Hurricane Gustav

I’ve been obsessed today by following the events in New Orleans as the Mayor has ordered the evacuation of the city prior to the landfall of Hurricane Gustav. It is at present building up in strength in the Gulf of Mexico, but is expected to hit Louisiana some time in the next twenty four hours. And so the residents of the area expected to be affected are being ordered to move out immediately and find safe places to wait out the storm.

What a terrible thing to happen to people, almost three years to the day since Hurricane Katrina left such scenes of devastation in its wake. I can’t imagine living in a place where you are constantly beset with the fear that you might have to get up and leave at incredibly short notice. My first reaction was to wonder why people went back to New Orleans, if there is this ongoing threat of hugely powerful tropical storms and hurricanes which cause such devastation and, in the worst cases, loss of life. But then, you think it through and realise that most people probably don’t have an option. It is a huge undertaking to move across country and try to find somewhere new to start from scratch; new job, new schools, new home. And I get the impression that a lot of the people in New Orleans aren’t well off. So they won’t have the financial reserves to be able to afford to start over again somewhere else.

I’ve spent much of the day trying to put myself in their position, wondering what I would do if I was living in New Orleans night now. Naturally, with my family I would have to leave and get the children to safety. But what would you pack? In this age where we have, and increasingly feel the need for material possessions, How do you choose what to leave behind? Do you, for example, take the relatively expensive things such as computers, tvs, stereos etc, or do you put your practical head on and salvage kitchen items which may be significantly cheaper to replace but would be infinitely more useful in the short term? I think I’d have to take my laptop with the cds which hold backups of my photos. After that I think I’d try to stay practical, taking long lasting food, clothes, blankets, cooking equipment and toiletries. But it must be heartbreaking to have to leave things behind which you have accumulated over your lifetime, or even that you have inherited. For instance, suppose that you have inherited something like your grandmother’s photo albums or wedding dress; things which are wholly impractical and useless for day to day living but which hold tremendous sentimental value.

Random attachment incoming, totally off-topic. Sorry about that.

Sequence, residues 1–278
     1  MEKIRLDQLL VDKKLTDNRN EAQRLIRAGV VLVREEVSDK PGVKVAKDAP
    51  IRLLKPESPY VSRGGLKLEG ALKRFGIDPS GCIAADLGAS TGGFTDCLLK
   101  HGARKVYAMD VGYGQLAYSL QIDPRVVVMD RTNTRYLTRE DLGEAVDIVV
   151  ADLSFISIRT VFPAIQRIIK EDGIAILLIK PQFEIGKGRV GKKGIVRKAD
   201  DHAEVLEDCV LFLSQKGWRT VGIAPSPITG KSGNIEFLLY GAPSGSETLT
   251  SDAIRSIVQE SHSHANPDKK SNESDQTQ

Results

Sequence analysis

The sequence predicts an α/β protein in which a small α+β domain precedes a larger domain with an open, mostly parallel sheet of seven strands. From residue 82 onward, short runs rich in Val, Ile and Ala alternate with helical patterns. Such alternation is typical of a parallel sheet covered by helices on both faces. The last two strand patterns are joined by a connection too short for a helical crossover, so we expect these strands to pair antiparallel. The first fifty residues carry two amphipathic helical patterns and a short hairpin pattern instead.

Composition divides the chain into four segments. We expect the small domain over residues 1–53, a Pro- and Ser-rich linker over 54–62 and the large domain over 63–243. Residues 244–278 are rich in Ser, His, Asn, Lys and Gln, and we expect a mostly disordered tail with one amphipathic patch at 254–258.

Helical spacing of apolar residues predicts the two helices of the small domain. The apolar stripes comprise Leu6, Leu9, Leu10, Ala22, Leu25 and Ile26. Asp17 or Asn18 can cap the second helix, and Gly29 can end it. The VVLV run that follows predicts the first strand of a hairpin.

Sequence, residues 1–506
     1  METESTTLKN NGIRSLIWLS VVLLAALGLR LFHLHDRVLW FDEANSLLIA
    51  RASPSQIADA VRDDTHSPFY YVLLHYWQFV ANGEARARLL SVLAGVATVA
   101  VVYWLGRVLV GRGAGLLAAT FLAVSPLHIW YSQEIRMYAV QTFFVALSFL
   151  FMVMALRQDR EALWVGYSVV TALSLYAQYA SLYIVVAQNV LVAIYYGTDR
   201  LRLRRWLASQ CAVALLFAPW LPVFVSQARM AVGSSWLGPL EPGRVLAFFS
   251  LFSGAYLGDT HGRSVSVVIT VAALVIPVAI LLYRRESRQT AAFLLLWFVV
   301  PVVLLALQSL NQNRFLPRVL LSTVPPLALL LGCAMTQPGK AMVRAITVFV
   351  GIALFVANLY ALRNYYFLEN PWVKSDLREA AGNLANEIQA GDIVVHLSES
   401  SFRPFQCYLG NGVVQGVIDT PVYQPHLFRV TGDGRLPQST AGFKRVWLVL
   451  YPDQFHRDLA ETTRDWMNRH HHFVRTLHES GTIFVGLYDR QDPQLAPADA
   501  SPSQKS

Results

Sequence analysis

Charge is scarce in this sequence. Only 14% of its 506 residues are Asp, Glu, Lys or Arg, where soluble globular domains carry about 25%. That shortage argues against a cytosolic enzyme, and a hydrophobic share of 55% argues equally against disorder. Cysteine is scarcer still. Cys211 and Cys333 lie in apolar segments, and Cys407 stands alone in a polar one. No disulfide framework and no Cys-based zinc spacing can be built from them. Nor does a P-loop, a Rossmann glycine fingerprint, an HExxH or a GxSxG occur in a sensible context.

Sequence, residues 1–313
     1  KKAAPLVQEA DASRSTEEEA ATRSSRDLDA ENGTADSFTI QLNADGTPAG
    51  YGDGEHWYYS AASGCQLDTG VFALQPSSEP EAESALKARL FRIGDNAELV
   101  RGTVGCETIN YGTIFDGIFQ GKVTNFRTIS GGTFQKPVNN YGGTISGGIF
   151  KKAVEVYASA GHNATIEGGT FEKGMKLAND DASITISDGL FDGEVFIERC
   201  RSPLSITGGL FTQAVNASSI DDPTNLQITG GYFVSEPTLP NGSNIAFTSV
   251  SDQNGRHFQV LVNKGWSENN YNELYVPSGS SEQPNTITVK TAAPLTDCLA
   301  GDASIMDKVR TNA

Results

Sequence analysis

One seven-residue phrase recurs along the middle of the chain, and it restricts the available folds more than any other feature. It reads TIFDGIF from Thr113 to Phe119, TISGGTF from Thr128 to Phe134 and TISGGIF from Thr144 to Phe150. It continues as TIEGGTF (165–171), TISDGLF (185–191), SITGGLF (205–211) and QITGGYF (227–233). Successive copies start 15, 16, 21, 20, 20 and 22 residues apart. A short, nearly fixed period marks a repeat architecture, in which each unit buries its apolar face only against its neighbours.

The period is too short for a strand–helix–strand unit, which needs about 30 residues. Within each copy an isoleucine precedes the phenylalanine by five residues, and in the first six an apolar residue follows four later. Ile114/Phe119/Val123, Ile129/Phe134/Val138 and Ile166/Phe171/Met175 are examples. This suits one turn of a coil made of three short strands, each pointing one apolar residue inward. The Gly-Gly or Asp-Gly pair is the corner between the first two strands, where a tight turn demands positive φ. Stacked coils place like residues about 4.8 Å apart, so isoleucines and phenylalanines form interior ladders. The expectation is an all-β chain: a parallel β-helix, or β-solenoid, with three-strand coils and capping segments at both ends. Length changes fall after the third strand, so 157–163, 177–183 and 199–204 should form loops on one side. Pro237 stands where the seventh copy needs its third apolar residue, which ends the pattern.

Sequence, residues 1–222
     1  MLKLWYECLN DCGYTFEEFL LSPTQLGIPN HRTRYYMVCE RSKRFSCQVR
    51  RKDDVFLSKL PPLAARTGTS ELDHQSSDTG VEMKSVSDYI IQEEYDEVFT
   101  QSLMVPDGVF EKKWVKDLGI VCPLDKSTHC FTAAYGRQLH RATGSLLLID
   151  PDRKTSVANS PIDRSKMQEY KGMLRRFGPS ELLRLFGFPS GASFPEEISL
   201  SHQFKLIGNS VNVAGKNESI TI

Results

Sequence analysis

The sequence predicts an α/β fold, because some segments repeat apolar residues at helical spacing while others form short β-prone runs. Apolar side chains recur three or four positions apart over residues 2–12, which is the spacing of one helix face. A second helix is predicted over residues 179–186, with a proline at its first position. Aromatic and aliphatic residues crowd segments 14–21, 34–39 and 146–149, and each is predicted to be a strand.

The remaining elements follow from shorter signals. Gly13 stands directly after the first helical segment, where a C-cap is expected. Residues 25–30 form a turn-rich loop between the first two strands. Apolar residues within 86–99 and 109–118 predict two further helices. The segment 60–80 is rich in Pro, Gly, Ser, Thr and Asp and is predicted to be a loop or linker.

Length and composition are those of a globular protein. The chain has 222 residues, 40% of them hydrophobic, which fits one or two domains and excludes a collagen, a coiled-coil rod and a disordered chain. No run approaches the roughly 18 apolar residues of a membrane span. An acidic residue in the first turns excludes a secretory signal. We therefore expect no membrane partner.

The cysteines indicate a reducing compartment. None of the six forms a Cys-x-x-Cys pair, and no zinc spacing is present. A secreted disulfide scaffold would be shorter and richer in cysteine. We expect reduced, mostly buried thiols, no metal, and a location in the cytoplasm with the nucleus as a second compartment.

Of course, lives are always more important and I’m not advocating staying behind to protect your belongings. I’m just thinking about how difficult it must be to turn your back on everything (bar your family) which makes your house your home.

Last summer, many people across Britain experienced heavy flooding which ruined homes and destroyed their belongings. I imagine in most cases that people were able to move their more precious items up to a higher floor in order to keep them safe. But this flooding was not on the same scale as the weather events which New Orleans experienced three years ago, and that which is threatened in the coming hours. I simply cannot imagine being told that I need to drive a hundred miles away from my home in order to stay safe.

My thoughts and my prayers go out to all these people who have had to abandon their homes and neighbourhoods to find safety elsewhere, and I hope and pray that the hurricane will turn around or somehow miraculously die out before it hits the land. Failing that, I hope that the meteorologists have got it wrong, and that the storm is not gathering strength. I will be following the news avidly through today and tomorrow. Please God let the residents of the affected area have heeded the Mayor’s warnings and left.


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